Summary of Mere Christianity by C.S. Lewis

Basic Summary

Based on a series of radio broadcasts during the Second World War between 1942 and 1944, Mere Christianity is Lewis’ explanation for the logical validity of Christianity. As a Christian apologetic, Lewis defends the basic Christian faith from its critics and also presents the basics of the Christian life.


For Lewis, Mere Christianity “is more like a hall out of which doors open into several rooms. If I can bring anyone into that hall I shall have done what I attempted. But it is in the rooms, not in the hall, that there are fires and chairs and meals. The hall is a place to wait in, a place from which to try the various doors, not a place to live in. For that purpose the worst of the rooms (whichever that may be) is, I think, preferable. It is true that some people may find they have to wait in the hall for a considerable time, while others feel certain almost at once which door they must knock at. I do not know why there is this difference, but I am sure God keeps no one waiting unless He sees that it is good for him to wait. When you do get into your room you will find that the long wait has done you some kind of good which you would not have had otherwise. But you must regard it as waiting, not as camping. You must keep on praying for light: and, of course, even in the hall, you must begin trying to obey the rules which are common to the whole house. And above all you must be asking which door is the true one; not which pleases you best by its paint and paneling. In plain language, the question should never be: “Do I like that kind of service?” but “Are these doctrines true: Is holiness here? Does my conscience move me towards this? Is my reluctance to knock at this door due to my pride, or my mere taste, or my personal dislike of this particular doorkeeper?” When you have reached your own room, be kind to those who have chosen different doors and to those who are still in the hall. If they are wrong they need your prayers all the more; and if they are your enemies, then you are under orders to pray for them. That is one of the rules common to the whole house” (10-11).

Book 1: Right and Wrong as a Clue to the Meaning of the Universe

In the first part of the book, Lewis discusses the “law of human nature.” When studying human history, he claims, one is struck by how similar different societies’ moral codes are, at least at a fundamental level. Lewis argues that moral law isn’t just an arbitrary human invention—it’s actually a real, timeless thing—invented by an all-powerful being who stands outside the confines of material space and time, and reveals itself to humans through moral law.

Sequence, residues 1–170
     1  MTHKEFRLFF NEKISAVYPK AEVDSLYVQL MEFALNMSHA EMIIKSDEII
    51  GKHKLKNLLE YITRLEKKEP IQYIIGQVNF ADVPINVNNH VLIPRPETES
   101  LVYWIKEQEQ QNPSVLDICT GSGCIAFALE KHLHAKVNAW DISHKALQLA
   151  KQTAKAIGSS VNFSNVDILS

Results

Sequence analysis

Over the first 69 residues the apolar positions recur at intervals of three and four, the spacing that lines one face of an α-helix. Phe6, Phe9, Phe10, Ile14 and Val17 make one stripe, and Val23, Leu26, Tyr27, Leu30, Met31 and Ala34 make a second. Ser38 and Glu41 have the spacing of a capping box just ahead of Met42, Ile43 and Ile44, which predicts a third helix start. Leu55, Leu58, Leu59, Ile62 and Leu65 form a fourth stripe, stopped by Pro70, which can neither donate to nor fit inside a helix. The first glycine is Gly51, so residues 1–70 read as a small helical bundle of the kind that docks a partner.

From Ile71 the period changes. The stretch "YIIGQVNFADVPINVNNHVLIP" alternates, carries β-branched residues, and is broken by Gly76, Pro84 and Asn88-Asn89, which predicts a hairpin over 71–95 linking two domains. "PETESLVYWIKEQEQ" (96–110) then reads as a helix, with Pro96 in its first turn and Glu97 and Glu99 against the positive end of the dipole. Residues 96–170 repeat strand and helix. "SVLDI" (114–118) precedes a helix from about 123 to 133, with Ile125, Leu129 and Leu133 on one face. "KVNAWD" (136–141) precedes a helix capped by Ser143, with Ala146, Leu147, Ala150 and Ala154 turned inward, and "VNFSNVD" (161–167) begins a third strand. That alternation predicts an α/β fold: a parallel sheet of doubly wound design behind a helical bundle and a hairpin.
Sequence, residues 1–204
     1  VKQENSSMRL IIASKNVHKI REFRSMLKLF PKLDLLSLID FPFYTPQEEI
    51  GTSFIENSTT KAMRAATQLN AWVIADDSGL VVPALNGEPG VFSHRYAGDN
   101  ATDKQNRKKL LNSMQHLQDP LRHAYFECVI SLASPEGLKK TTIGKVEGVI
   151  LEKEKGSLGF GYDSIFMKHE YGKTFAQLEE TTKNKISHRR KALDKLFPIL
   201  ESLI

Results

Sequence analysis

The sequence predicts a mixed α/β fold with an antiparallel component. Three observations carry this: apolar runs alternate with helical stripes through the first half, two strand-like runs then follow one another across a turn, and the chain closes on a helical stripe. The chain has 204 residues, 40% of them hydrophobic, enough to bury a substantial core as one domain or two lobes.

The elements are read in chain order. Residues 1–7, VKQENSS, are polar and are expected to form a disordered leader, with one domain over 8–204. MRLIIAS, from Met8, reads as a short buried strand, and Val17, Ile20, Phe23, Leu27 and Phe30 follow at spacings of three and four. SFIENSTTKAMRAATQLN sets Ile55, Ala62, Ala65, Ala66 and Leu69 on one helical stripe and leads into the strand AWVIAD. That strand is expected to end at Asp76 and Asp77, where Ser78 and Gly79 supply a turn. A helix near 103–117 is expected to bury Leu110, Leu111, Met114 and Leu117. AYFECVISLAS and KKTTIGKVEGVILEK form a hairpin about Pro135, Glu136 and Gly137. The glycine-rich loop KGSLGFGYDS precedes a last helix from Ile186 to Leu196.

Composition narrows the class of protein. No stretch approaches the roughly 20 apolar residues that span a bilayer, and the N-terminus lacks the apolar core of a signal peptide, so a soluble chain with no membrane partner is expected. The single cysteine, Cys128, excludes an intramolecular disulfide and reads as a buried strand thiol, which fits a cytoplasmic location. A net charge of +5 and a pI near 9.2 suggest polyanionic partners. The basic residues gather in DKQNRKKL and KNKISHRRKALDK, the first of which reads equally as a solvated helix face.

“These, then, are the two points I wanted to make. First, that human beings, all over the earth, have this curious idea that they ought to behave in a certain way, and cannot really get rid of it. Secondly, that they do not in fact behave in that way. They know the Law of Nature; they break it. These two facts are the foundation of all clear thinking about ourselves and the universe we live in” (18).

Book 2: What Christians Believe

In the second part of the book, Lewis discusses a few competing theories about the all-powerful being’s identity.

Some religious groups, the Pantheists, believe that the all-powerful being, God, is neither good nor evil. Pantheists believe that God is the universe, meaning that everything in the material universe is divine.

Other religious groups, such as Muslims, Jews, and Christians, believe that God created the universe, yet is distinct from it; thus, God is good, and wants humans to work hard to make the universe a better place.

Christians also believe in the existence of an ultimate evil, the Devil. However, in Christianity, evil isn’t equal to good—evil is “spoiled good”; i.e., the perversion or corruption of goodness. Looking around the world, it is obvious that good has been corrupted into evil almost everywhere.

When Lewis was a much younger man, he found it impossible to believe in a just God who would allow Earth to become a sad, unjust place. However, the only way for an atheist to criticize the Christian model of God would be to appeal to some standard for “just” and “unjust”—i.e., the same standard that led us to accept the existence of God in Part One. Lewis then attempts to resolve the apparent contradiction in the existence of a good God who allows evil things to happen by arguing that God gives people the gift of free will: they face the challenge of behaving virtuously in spite of the temptations of evil—a challenge for which they will be richly rewarded in Heaven.

At the end of part two, Lewis introduces Jesus Christ, the cornerstone of the Christian religion. The only way to be truly virtuous, Lewis argues, is to worship Christ. While there are many different Christian sects that worship Christ in different ways, Lewis argues that they can agree on the basic facts about Christ’s existence, and therefore can all attain salvation.

Enemy-occupied territory—that is what this world is. Christianity is the story of how the rightful king has landed, you might say landed in disguise, and is calling us all to take part in a great campaign of sabotage. When you go to church you are really listening-in to the secret wireless from our friends: that is why the enemy is so anxious to prevent us from going. He does it by playing on our conceit and laziness and intellectual snobbery. I know someone will ask me, “Do you really mean, at this time of day, to reintroduce our old friend the devil—hoofs and horns and all?” Well, what the time of day has to do with it I do not know. And I am not particular about the hoofs and horns. But in other respects my answer is “Yes, I do.” I do not claim to know anything about his personal appearance. If anybody really wants to know him better I would say to that person, “Don’t worry. If you really want to, you will. Whether you’ll like it when you do is another question.” (46).